kbrashears
07-12-2010, 05:55 PM
If you're going to seed, use Riviera Bermuda. It's expensive, but it's worth it.

cgaengineer
07-12-2010, 06:00 PM
If you're going to seed, use Riviera Bermuda. It's expensive, but it's worth it.

Princess 77 is another good choice...I have seen pictures of a Princess lawn 100% filled in and it looked like it had been sodded.
Posted via Mobile Device

cgaengineer
07-12-2010, 06:13 PM
If you're going to seed, use Riviera Bermuda. It's expensive, but it's worth it.

Princess 77 is another good choice...I have seen pictures of a Princess lawn 100% filled in and it looked like it had been sodded.
Posted via Mobile Device

cgaengineer
07-12-2010, 06:30 PM
If you're going to seed, use Riviera Bermuda. It's expensive, but it's worth it.

Princess 77 is another good choice...I have seen pictures of a Princess lawn 100% filled in and it looked like it had been sodded.
Posted via Mobile Device

kbrashears
07-12-2010, 07:31 PM
Princess 77 is another good choice...I have seen pictures of a Princess lawn 100% filled in and it looked like it had been sodded.
Posted via Mobile Device

Maybe, but not near as good a choice as Riviera.

benjammin
07-13-2010, 10:35 AM
That garbage lawn is not "coming back", did you see how patchy and bare it is??? Guess not.


Have you ever seen centipede? I'm guessing not.
With some TLC it will fill in. With some seed and irrigation it could look great next year.

Kiril
07-13-2010, 11:06 AM
What is a good, cheap (cheapest!) "organic ammendment" that i can apply over the top of the grass before i till?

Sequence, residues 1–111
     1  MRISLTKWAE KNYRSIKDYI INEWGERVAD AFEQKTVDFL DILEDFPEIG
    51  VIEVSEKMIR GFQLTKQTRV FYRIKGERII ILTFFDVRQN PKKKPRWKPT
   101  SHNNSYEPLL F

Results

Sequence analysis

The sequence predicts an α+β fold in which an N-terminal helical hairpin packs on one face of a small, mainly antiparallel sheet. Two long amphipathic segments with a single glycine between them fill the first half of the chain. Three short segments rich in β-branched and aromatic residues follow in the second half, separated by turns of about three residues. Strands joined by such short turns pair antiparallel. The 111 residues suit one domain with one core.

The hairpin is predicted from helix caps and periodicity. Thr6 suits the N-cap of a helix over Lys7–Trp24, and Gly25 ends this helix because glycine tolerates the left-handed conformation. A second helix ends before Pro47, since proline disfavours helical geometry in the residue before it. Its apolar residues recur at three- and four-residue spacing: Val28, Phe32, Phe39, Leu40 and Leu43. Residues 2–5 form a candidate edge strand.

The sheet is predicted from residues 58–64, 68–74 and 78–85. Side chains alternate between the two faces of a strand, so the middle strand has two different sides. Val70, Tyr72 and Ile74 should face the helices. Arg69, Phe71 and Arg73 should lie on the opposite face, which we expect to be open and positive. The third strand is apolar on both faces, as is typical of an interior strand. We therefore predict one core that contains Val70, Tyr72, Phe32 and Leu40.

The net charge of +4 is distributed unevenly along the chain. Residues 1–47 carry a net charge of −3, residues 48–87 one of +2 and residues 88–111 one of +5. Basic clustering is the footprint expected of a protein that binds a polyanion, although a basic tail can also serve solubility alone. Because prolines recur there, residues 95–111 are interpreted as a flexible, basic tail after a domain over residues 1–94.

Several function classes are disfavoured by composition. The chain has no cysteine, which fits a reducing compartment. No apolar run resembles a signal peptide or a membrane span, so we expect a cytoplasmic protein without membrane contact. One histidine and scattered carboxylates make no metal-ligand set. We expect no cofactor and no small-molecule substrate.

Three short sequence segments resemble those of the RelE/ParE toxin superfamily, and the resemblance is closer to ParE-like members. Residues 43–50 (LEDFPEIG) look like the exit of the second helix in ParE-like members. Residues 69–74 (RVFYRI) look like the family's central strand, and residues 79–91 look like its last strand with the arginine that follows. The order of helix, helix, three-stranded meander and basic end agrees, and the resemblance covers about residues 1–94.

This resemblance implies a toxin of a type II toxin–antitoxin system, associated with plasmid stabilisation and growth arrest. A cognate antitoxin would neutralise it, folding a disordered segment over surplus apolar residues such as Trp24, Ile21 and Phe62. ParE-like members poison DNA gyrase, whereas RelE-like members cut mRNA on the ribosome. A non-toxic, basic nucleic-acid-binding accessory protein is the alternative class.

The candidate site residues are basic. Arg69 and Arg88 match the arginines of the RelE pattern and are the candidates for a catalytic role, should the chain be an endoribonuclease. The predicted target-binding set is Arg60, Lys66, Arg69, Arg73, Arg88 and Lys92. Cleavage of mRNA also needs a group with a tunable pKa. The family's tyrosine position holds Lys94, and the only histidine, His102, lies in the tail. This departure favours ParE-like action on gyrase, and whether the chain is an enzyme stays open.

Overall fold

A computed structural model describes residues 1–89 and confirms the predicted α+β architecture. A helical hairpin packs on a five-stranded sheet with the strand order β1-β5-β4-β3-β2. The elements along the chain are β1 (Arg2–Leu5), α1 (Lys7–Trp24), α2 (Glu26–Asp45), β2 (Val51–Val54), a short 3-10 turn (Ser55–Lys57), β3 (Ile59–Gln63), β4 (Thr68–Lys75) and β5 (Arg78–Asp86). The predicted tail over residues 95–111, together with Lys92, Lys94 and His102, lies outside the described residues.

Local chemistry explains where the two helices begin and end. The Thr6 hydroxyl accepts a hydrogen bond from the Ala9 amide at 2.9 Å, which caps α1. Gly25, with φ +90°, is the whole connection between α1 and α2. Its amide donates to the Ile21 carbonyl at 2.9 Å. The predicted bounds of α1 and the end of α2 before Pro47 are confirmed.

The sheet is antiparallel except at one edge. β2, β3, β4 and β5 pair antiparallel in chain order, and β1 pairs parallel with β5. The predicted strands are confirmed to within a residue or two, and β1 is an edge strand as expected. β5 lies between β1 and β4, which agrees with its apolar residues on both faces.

First thing you should do is get your soil tested.

Then you know what you need to amend the soil with. That said, I think it is a safe bet you need a generous amount of compost ... tilled as deep as you can get it (8-12 would be ideal). Don't skimp on soil prep, it is by far the most important thing you will do.

Personally, I would till in amendments first ... irrigation second ... till again, this time not as deep ... level and prep your seed bed.

If you don't know irrigation then I would recommend hiring someone qualified to install, or at least design and point you in the right direction. Irrigation, in locations where it is needed, is the second most important aspect of a successful landscape. This is another area you do not want to skimp on.

knox gsl
07-13-2010, 12:21 PM
"Have you ever seen centipede? I'm guessing not.
With some TLC it will fill in. With some seed and irrigation it could look great next year."